Google Maps API data management

Post by Luke Bredeson

When using the Google Maps API, there are some challenges you can encounter with large datasets.  Not only can the server-side queries and browser rendering be time consuming, but there are also visual concerns.

Beware of too many markers

If you don’t group or filter the data somehow, and you have a large dataset, you might end up with something like this:

At first glance, there might be some natural grouping or filtering of data that the application can do, so different zoom levels trigger different AJAX calls (maybe grouped by state, county, city, etc.). When the user zooms in further, then, it becomes safe to show them more data, as the markers that are rendered won’t be piled on top of each other, and when they zoom out, they’re shown sparser groupings of data, to avoid unnecessarily pulling in to much information. You could do something like this:

google.maps.event.addListener(map, 'zoom_changed', function() {
  var zoomLevel = map.getZoom();

  if (zoomLevel <= 5) {
  } else {

Our getData function just makes AJAX calls and renders google.maps.Marker’s on callback, each of which contain data received from the server. It also makes decisions about what data to fetch based on the specified type of data. This all would be fine, of course, if we wanted to fetch and render all of the data specified by each zoom level, but it would be nice to go a step further and only get the data that falls within the map window.

Bounding boxes in the browser

The Google Maps API can tell you the southwest and northeast corners of the current viewable area, and here is how you can use them:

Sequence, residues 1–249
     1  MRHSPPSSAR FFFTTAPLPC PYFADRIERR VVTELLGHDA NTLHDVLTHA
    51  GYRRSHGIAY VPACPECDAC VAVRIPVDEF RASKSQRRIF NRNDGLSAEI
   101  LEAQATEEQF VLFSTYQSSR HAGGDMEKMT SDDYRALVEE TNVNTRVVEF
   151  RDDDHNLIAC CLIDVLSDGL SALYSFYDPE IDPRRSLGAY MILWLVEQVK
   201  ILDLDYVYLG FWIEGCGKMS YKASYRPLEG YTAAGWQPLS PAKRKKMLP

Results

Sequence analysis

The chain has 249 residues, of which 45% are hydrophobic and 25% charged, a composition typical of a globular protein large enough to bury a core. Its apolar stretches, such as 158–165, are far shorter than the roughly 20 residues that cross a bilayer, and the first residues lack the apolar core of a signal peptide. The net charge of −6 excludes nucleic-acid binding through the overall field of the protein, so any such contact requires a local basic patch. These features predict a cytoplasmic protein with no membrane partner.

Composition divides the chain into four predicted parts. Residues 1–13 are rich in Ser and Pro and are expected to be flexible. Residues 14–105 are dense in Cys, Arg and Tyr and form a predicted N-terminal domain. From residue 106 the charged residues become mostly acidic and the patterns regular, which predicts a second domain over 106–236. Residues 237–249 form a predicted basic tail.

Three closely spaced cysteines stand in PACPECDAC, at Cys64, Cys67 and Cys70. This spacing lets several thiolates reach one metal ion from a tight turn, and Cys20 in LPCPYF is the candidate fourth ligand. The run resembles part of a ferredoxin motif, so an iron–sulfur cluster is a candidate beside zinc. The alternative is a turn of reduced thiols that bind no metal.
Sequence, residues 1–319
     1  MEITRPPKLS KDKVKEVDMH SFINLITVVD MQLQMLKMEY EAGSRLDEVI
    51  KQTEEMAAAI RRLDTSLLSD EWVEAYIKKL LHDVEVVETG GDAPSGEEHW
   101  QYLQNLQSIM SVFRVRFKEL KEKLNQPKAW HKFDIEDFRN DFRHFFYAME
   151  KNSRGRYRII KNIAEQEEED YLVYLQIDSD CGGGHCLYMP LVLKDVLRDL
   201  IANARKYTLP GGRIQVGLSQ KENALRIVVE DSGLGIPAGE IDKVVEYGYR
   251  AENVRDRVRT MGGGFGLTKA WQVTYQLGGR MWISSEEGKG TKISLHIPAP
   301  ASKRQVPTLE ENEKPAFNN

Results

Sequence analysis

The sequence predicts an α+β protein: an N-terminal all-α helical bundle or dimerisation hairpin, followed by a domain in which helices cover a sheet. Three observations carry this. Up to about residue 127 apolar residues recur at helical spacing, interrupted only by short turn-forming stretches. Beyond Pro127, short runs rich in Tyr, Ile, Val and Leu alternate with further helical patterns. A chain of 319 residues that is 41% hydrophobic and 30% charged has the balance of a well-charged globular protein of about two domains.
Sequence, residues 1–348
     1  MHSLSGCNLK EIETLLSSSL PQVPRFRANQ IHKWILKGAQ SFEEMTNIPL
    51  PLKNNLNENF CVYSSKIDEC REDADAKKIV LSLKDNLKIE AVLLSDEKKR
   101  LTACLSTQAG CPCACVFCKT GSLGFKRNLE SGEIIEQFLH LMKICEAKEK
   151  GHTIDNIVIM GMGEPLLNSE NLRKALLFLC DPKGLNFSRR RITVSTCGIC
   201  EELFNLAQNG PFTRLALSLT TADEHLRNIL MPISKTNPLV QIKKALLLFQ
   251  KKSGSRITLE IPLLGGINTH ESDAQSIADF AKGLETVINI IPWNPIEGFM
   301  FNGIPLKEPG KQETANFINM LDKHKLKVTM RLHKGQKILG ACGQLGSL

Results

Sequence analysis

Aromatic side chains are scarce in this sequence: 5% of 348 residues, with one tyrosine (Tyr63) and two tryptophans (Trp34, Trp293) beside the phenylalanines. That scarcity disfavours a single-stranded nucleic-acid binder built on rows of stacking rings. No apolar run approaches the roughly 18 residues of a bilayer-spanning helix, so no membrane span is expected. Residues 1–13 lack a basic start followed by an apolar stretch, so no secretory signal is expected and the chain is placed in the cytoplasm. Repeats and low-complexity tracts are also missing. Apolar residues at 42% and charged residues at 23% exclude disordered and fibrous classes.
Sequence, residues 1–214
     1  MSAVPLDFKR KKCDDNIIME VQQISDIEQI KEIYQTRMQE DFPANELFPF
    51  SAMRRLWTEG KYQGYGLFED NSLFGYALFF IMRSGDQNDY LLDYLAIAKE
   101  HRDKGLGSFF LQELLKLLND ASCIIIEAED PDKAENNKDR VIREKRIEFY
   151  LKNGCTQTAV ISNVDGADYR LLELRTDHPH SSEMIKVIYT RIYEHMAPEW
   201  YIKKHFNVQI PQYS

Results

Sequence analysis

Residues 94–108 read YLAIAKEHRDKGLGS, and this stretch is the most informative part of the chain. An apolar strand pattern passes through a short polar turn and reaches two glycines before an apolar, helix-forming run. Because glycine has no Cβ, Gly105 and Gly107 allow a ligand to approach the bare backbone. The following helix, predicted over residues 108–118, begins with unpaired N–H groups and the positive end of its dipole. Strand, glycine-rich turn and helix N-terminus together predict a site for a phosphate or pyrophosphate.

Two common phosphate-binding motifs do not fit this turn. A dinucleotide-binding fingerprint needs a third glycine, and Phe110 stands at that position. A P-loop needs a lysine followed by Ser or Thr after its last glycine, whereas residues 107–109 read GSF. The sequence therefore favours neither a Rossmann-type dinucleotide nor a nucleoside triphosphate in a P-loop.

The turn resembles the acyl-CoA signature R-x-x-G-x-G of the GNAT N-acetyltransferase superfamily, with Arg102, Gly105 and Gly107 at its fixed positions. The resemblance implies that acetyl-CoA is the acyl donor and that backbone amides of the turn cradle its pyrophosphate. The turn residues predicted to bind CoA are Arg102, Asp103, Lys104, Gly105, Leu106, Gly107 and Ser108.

Let’s discard our previous listener, and replace it with this:

google.maps.event.addListener(map, 'idle', function() {
  var zoomLevel = map.getZoom();
  var southWest = map.getBounds().getSouthWest();
  var northEast = map.getBounds().getNorthEast();
  var box = [[southWest.lng(),], [northEast.lng(),]];

  if (zoomLevel <= 5) {
    getData('county', box);
  } else {
    getData('city', box);

Now our getData function has an additional responsibility: pass on the bounding box coordinates to the server.

Bounding boxes on the server

There are a number of options for dealing with geospatial data on the server, most notably PostGIS and MongoDB. PostGIS is undoubtably much more fully featured, but MongoDB’s approach is very simple and straightforward, so we’ll use that. Your MongoDB query might look something like this, with parameters having been parsed from the HTTP request:

db.items.find({ "location": { "$within": { "$box": [[-93.515500, 44.859586], [-93.076047, 45.114062]] } })

As long as the “location” property in your “items” collection has a 2d index on it, you now should only be retrieving data from the server that is within Google Maps’ bounds.

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